What kind of a PhD are you?

real phd

I’m a PhD researcher (PhD).

I don’t like to brand or classify myself, but if I need to, I would say I am a ‘social science PhD’. What does it actually mean? In short, social science PhDs are doing research in education, psychology, antrolopogy, sociology, political science etc., basically all the sciences that are concerned with the society, its dynamics, processes, human behaviour and its interconnectedness. My research is in education; but it is the intersection of arts and business. In short.

Why am I interested to know what kind of PhDs are out there? Well, often I come across many assumptions about PhD – the way people think about them, from what they wear, eat or do, to the way they behave. Generally, people think that PhDs are some boring nerds sitting in their labs or reading book all day long, not knowing anything about the ‘real world’. Well, I don’t blame them, as I also know many who seem to fit perfectly to this description. But, not all of us are like that.

In social science, people are usually working individually on their own project, without being part of any ‘lab’ or group. As many students there are – as many different topics and approaches they use. No white uniforms or fancy instruments. Just a laptop and a book. Or online journals, for us who fancy writing from a coffee shop or a beach.

Who am I?

  • I am a real geek for new gadgets, technological innovation and all the tech and business things, although having academic background in music and social science
  • I am also an educator, real fan of Dr Ken Robinson and his theories
  • I’m an advocate for arts education, and bringing much more arts and creativity in life generally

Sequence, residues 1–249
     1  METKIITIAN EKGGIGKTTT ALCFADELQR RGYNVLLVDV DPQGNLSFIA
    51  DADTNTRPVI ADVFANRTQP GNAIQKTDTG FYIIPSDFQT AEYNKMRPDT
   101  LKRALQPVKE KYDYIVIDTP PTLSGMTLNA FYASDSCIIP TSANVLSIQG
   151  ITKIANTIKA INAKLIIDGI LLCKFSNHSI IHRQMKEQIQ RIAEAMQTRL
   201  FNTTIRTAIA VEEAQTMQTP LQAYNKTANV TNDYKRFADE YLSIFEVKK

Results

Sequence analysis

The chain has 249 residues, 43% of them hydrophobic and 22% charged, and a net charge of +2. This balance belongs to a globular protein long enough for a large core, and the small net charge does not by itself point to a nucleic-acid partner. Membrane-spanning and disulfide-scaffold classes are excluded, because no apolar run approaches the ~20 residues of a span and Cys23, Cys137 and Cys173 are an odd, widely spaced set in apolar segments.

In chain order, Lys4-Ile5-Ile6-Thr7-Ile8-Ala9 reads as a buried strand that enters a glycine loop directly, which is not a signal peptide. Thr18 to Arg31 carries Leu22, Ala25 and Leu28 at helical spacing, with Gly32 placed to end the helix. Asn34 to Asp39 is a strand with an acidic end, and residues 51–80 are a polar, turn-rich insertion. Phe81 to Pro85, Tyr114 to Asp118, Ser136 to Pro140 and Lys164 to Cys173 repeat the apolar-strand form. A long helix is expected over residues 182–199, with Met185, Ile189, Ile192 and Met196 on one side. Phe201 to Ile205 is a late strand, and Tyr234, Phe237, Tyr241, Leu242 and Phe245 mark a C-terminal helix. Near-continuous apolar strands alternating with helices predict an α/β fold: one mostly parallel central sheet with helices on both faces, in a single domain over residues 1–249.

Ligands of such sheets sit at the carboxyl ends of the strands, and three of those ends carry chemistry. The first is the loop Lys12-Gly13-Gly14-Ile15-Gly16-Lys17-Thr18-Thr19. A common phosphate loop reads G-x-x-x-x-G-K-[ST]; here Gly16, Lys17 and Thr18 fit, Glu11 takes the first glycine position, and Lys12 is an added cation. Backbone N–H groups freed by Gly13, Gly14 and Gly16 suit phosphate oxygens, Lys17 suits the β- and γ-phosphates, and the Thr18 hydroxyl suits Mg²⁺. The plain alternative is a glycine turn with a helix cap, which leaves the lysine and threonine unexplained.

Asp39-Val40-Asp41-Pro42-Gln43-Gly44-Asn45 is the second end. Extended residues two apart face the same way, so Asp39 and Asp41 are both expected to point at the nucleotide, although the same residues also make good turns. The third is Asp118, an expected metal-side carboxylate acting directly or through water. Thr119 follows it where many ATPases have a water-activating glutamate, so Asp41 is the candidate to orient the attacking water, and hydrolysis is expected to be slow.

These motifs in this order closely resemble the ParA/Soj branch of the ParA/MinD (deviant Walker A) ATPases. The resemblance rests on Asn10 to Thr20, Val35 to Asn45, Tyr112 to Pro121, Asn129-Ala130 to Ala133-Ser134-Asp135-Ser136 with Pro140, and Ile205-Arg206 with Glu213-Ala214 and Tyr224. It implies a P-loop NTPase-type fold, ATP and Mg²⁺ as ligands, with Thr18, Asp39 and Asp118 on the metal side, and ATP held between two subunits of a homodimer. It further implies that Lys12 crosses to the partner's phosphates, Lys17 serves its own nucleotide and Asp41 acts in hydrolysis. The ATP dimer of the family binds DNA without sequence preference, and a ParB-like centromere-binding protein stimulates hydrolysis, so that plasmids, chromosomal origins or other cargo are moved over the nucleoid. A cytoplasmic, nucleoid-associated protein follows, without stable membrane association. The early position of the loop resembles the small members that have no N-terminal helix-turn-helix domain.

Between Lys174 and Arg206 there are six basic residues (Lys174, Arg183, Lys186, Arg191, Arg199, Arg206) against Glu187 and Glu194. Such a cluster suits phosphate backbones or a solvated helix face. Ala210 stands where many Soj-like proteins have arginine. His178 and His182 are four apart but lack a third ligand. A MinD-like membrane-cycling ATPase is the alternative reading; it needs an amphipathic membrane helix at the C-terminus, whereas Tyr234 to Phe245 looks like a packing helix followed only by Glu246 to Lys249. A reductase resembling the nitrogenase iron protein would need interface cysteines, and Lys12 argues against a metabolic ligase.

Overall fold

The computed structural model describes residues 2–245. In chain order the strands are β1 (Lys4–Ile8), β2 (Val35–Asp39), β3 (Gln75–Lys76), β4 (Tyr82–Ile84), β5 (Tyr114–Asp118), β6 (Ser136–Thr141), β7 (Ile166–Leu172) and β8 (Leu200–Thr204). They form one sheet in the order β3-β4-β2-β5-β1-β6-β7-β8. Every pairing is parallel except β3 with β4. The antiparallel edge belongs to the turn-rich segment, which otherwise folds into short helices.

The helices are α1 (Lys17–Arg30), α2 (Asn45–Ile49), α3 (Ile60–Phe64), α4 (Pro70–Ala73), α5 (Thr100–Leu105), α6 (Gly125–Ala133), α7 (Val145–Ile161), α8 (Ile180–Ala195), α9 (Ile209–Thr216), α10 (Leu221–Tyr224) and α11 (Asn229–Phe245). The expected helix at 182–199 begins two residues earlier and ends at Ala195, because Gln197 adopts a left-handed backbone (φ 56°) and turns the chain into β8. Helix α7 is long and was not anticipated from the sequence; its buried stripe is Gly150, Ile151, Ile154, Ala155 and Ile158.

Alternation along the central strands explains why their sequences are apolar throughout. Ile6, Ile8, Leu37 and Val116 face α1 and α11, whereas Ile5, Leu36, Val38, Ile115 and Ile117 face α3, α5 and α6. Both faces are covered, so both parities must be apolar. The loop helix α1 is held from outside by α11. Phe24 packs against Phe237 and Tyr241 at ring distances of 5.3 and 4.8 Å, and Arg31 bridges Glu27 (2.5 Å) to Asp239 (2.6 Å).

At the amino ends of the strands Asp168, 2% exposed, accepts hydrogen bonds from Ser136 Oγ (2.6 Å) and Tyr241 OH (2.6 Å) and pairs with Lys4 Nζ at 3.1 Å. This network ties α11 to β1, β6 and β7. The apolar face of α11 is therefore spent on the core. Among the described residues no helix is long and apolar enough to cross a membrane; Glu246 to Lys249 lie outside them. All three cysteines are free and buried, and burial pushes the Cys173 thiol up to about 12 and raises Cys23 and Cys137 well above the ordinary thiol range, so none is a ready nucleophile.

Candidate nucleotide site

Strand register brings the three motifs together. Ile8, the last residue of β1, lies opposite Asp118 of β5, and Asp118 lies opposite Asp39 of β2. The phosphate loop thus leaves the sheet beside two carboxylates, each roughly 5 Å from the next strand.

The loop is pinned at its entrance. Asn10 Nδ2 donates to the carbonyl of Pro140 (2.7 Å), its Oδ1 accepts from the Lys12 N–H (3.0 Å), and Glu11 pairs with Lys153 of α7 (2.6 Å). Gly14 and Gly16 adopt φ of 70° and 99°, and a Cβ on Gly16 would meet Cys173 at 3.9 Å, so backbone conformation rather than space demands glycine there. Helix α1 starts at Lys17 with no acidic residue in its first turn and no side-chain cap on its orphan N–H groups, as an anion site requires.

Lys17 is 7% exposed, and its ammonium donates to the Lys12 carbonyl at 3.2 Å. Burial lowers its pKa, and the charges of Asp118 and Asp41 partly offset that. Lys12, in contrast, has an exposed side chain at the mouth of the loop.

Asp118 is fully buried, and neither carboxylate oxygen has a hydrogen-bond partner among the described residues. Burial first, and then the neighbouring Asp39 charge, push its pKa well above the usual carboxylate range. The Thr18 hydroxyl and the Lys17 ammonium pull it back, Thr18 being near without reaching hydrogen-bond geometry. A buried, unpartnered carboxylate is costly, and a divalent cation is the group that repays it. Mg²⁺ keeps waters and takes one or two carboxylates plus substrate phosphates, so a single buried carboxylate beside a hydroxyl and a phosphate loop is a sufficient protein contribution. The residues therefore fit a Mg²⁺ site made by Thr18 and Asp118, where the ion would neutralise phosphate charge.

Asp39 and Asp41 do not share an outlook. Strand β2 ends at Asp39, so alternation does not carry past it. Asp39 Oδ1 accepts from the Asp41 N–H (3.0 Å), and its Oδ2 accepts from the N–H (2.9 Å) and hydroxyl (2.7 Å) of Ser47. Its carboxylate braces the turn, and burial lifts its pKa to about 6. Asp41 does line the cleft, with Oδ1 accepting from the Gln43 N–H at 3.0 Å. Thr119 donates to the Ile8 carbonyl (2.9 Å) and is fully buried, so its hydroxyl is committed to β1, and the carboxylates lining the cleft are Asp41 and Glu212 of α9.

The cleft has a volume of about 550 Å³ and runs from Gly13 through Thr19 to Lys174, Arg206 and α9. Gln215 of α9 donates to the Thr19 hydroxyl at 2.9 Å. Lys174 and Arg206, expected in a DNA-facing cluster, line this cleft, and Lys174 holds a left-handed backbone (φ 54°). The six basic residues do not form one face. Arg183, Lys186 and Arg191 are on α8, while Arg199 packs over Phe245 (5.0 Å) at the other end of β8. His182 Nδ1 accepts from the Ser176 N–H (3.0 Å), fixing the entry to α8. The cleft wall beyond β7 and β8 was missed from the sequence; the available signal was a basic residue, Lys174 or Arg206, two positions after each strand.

• I’m a mother of a baby girl
  • I am a youth leader in my community
  • I love startups and entrepreneurship
  • I am an active musician
  • I like leisure time and I always find time for it – walking, gym, reading a book (novel, not an academic book), going out for dinners, cooking for friends and family

I also know many other PhDs, across various disciplines, who are outgoing, fun to be with, very down-to-earth and party-lovers. Still, they are genius in their research.

What kind of a PhD are you?

Let us allow the world to know us better – the real life PhD – use the #reallifePhD and share your thoughts.

Link-ed-In your PhD – How a polite introduction email can change your career

LinkedIn

I would like to quickly share with you my life-changing experience as a result of putting one simple idea into action. All it included was writing a simple, two-sentence email or introduction through LinkedIn.

Some time ago, while reading an article for my PhD proposal, I was so impressed by the content and the author that I decided to contact him. Not that his writing style was extraordinary, or his ideas revolutionary. However, reading through the article made me realise what research topic I would like to do in PhD, and finally, what kind of career I want to pursue. Couple of simple steps that resulted into many other links and connections were the following:

 1. Google the name of the author

Why is it still important to consult Google as a first point of search? It is still the best search option that can provide very broad perspective and information about the name. When I put the author’s name in the search, I found out many useful information: his website, important organisation he is leading, links to his speeches at YouTube, his other publications etc. On that way I got a picture of his career, research interest and title of a new book, which actually became my main literature in research.